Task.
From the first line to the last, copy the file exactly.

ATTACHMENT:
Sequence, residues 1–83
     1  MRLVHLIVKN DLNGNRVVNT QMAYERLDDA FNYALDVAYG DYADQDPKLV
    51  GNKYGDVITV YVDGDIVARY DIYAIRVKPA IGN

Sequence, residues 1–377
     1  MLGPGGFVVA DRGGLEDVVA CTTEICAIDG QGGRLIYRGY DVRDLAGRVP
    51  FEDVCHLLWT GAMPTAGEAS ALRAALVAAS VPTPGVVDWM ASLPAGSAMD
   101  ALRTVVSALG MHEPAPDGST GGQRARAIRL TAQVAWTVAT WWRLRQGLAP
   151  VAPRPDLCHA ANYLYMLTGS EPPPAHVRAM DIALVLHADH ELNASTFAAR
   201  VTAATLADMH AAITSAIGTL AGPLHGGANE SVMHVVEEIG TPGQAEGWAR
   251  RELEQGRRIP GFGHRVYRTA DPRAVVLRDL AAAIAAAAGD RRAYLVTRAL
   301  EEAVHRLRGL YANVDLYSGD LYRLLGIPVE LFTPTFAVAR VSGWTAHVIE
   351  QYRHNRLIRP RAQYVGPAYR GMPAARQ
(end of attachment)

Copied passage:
Sequence, residues 1–83
     1  MRLVHLIVKN DLNGNRVVNT QMAYERLDDA FNYALDVAYG DYADQDPKLV
    51  GNKYGDVITV YVDGDIVARY DIYAIRVKPA IGN

Sequence, residues 1–377
     1  MLGPGGFVVA DRGGLEDVVA CTTEICAIDG QGGRLIYRGY DVRDLAGRVP
    51  FEDVCHLLWT GAMPTAGEAS ALRAALVAAS VPTPGVVDWM ASLPAGSAMD
   101  ALRTVVSALG MHEPAPDGST GGQRARAIRL TAQVAWTVAT WWRLRQGLAP
   151  VAPRPDLCHA ANYLYMLTGS EPPPAHVRAM DIALVLHADH ELNASTFAAR
   201  VTAATLADMH AAITSAIGTL AGPLHGGANE SVMHVVEEIG TPGQAEGWAR
   251  RELEQGRRIP GFGHRVYRTA DPRAVVLRDL AAAIAAAAGD RRAYLVTRAL
   301  EEAVHRLRGL YANVDLYSGD LYRLLGIPVE LFTPTFAVAR VSGWTAHVIE
   351  QYRHNRLIRP RAQYVGPAYR GMPAARQ